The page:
The Buddhadhamma as a Fount of Creative Education
by Nagasena Sraman

The Buddha’s teachings are for the purpose of liberating oneself from the cycle of birth and death. This cannot be achieved through intellectual understanding alone, however, refined. The human predicament is that there is, in everyone, always a conflict between reason on the one hand and emotion on the other; what one knows to be wholesome or unwholesome is one thing, what one actually does is another.

Buddhism suggests that this human predicament is the result of our intrinsic and existential — in the sense of being rooted in human existence itself — inability to see things as they truly are (Pali: yathabhutam). This is due to the inherent mode of operation of our consciousness, which has been conditioned from beginningless time by the negativities succinctly described as greed (raga), hatred (dosa), and delusion (moha). This is the Buddhist view of conditioned human nature.

In traditional Buddhist terms, liberation from this existential predicament cannot be achieved by sheer will, nor through “intelligence” or knowledge. It is possible only through the attainment of panna or prajna, which is often rendered as “spiritual insight.” This is an insight that fully harmonises reason and emotion so that one’s being is perfectly in line with one’s knowing. It frees us from all negative conditioning and indeed all conditioning. It transforms our consciousness from the reactive mode to the creative mode. Then one is empowered to truly “abstain from doing evil, do what is wholesome, and purify one’s mind.” (Sabba-papassa akaranam. Kusalassa upasampada. Sacitta-pariyodapanam. Etam buddhana sasanam)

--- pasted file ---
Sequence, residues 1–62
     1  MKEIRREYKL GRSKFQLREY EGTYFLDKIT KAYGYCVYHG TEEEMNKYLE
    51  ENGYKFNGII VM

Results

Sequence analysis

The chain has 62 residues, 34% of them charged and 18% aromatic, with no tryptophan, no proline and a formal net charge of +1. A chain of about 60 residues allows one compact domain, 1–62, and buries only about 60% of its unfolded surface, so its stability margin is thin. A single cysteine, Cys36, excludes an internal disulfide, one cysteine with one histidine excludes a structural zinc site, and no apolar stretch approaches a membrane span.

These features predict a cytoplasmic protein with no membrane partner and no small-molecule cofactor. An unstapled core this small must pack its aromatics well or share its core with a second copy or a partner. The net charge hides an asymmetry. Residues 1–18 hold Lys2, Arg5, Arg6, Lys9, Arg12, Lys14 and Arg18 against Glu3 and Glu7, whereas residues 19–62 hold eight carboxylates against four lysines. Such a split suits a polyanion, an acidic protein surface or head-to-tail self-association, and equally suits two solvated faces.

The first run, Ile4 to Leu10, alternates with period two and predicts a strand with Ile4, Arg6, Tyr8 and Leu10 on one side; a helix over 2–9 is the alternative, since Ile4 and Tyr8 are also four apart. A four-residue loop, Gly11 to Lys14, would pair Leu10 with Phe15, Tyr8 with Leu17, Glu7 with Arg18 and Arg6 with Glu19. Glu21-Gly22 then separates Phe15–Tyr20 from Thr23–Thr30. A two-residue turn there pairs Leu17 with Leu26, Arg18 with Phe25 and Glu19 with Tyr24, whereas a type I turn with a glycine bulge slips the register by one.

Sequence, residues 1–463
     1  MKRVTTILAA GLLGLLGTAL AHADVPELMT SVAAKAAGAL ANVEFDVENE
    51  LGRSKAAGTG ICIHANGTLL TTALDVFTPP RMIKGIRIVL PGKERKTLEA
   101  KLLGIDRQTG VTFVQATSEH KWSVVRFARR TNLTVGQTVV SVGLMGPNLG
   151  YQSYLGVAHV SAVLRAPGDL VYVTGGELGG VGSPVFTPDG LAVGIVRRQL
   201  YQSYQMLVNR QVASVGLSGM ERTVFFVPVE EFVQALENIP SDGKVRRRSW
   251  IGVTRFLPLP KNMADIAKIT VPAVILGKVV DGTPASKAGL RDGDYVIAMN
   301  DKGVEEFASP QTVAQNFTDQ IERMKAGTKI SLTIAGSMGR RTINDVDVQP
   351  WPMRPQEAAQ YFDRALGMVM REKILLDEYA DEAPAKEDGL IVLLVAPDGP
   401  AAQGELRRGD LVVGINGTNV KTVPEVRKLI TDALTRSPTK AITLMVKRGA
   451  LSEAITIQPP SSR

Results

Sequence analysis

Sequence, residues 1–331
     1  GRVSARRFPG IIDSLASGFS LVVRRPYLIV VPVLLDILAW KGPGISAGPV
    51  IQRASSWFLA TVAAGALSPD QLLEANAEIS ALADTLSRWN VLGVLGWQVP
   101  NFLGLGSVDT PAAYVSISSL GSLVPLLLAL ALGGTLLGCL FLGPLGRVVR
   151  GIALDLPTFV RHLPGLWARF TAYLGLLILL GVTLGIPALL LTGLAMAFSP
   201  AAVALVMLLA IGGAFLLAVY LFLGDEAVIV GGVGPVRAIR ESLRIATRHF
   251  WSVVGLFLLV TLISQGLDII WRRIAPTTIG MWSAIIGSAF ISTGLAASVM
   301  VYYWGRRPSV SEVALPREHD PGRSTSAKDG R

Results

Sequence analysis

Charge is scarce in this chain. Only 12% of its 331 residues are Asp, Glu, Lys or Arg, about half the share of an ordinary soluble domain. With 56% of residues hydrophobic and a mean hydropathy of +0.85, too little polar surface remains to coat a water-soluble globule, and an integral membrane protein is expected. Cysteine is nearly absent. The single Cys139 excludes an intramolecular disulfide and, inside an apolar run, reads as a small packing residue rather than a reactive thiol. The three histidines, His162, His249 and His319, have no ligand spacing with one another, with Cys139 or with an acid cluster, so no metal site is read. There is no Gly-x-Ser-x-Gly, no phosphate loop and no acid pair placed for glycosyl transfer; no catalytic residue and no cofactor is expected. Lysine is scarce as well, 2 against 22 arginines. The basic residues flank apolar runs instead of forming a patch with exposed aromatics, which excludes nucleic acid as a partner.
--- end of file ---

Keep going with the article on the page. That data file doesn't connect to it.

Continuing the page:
All this amounts to a fundamental transformation or a revolution of consciousness. For Buddhists, this is not possible through the education system or a philosophy, or even a thorough ethical system. It is only possible through training in the Dhamma. This spiritual system helps a person to grow spiritually, to progressively unfold his human potentialities. This progressive transformation and unfolding of human potential is the closest Buddhism comes to a spiritual anthropology. In this sense, Buddhism is a humanistic religion and we call this system of spiritual transformation “creative education.”